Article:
It can be argued that whilst style reflects the culture of the time, it develops without external stimuli, such as political, social and cultural events. From studies of motifs and how they evolve and transform, Alfred Gell concludes that motifs change by themselves, not as a result of cultural changes. Prown argues, however, that ‘The manifestations of identical elements of style in a broad range of objects produced in a given time and place cannot be considered coincidence; clearly cultural preferences were being expressed.’ This suggests attribution reveals the role an artist plays in their society as their style reflects ‘cultural preferences’.
Authorship also reveals the status of the artist and the importance of a commission; a painting can provide information about the culture in which it was produced, for example families such as the Medici commissioned artists to show their power and status within the city of Florence. Michelangelo’s fame was growing at the beginning of the sixteenth century, and he was becoming a symbol of Florentine greatness, after returning from Rome to sculpt David for the Florentine Republic. If Michelangelo received the commission for The Entombment, found in the National Gallery, from the Sant’Agostino Chapel in Rome, this could suggest the piece was to be a prized possession and that the commissioners had substantial funds, yet if it is the work by a less sought after artist this could imply that commission was less significant. The question of attribution is, therefore, important to the art historian for discovering the significance of a painting to its commissioner.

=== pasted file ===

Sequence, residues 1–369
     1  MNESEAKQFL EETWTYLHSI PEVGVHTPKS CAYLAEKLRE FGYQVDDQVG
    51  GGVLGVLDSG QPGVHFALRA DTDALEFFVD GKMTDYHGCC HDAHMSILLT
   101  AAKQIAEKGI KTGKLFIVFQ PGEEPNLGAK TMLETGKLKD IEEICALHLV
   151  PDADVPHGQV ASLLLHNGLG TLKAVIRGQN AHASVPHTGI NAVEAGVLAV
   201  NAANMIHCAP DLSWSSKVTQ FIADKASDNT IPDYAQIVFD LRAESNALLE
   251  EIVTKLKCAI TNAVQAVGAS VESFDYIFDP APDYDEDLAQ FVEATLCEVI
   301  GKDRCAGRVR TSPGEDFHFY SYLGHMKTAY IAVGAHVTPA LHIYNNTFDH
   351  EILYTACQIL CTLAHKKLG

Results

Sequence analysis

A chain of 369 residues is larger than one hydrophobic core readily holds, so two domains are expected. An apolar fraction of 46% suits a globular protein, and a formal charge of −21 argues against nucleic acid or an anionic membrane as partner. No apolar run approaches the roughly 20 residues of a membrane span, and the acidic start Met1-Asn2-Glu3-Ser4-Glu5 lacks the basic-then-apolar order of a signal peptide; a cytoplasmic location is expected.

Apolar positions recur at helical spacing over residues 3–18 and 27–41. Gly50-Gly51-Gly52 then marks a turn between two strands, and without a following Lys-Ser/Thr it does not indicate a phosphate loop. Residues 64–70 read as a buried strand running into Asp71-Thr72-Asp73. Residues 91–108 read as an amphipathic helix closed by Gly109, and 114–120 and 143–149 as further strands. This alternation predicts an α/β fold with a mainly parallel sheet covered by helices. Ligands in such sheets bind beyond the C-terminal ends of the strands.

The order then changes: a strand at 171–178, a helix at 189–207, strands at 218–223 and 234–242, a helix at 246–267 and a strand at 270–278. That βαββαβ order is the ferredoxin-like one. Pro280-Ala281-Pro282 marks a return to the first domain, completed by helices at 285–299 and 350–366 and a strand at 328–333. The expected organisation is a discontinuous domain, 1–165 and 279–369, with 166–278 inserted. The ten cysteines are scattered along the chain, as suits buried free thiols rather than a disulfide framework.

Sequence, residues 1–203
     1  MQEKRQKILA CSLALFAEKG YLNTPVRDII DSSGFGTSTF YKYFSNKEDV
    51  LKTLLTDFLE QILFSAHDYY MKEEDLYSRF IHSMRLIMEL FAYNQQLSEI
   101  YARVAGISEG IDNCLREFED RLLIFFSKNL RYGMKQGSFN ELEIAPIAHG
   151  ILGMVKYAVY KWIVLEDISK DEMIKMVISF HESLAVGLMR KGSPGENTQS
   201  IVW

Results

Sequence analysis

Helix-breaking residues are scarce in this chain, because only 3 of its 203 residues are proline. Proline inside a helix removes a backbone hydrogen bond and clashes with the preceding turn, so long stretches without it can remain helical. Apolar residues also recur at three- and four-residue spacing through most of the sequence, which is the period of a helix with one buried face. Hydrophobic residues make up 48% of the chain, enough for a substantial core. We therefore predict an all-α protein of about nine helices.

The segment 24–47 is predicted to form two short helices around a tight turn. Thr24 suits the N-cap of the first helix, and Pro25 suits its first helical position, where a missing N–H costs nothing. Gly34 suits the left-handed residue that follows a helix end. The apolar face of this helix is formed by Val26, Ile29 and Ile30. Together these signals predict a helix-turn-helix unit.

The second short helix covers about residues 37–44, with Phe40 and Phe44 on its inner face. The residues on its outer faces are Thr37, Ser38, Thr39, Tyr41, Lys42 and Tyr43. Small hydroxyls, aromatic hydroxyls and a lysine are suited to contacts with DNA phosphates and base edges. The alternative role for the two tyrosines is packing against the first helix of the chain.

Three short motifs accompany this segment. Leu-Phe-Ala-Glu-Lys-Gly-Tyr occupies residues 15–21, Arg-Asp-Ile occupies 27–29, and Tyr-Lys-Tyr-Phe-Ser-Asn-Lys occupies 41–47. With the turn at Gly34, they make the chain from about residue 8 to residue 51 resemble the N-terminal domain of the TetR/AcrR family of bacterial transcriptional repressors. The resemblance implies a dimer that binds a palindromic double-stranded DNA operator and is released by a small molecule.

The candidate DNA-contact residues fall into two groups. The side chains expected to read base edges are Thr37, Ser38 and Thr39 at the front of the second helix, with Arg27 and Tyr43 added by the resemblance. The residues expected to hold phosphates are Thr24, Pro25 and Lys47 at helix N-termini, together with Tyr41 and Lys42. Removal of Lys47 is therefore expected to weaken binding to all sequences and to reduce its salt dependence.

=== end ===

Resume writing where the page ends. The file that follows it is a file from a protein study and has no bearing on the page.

The connoisseur cannot totally rely on all documents from the past, for example, whilst Vasari’s Lives helps us understand the works of the Italian Renaissance, the author invents missing details and uses the same terms to praise the paintings, for example when describing Giotto’s Miracle of Spring of the St Francis Cycle at Assisi c. 1290–1307 and Leonardo’s Last Supper, 1498. aA contemporary sources are not always reliable, evaluating the style of works is a key discipline for the connoisseur. As a result, the connoisseur must attempt to attribute works of art by evaluating the style of a piece of art. The word style, which James Elkin defines as, a ‘Term used for a coherence of quality in periods or people’, is ‘one of the chief areas of debate in aesthetics and art history.’ It is through the stylistic analysis of objects that ‘we encounter the past at first hand; we direct sensory experience of surviving historical events, not necessarily important events, but authentic events nonetheless’ In The Philosophy of Fine Art, 1835, Hegel discusses style and his theory of ‘Zeitgeist’ (‘time spirit’ or ‘time ghost’). Hegel’s interpretation of art, and history generally, is that things, such as works of art, look alike and come about at the same time. This suggests that a work of art is not influenced by the culture of the time but that ‘Style is manifested in the form of things rather than in content.’
The connoisseur can better understand the style and development of an artist if they can attribute a number of works to them. Morelli’s intention was to analyse paintings with a greater attention to detail than before, and he achieved this by examining aspects of paintings which were previously considered unimportant and which the artist is unlikely to have reassessed for each work. He studied the rendering of hands and earlobes, and this helped him to reattribute a great number of paintings during his career as a connoisseur.
In conclusion, the art market and work of connoisseurs have shown us the importance of attribution today, as the public and art collectors have become increasingly concerned with authorship. To give a painting its correct value, authorship is essential, as is evident from the purchase of The Madonna of the Pinks. Paintings are more than objects for sale, however; they reflect the world they were produced in, the criteria of their age and the aims of patrons and of the artists themselves. Finally, attribution gives artists the credit they deserve for their contribution to society and the history of art.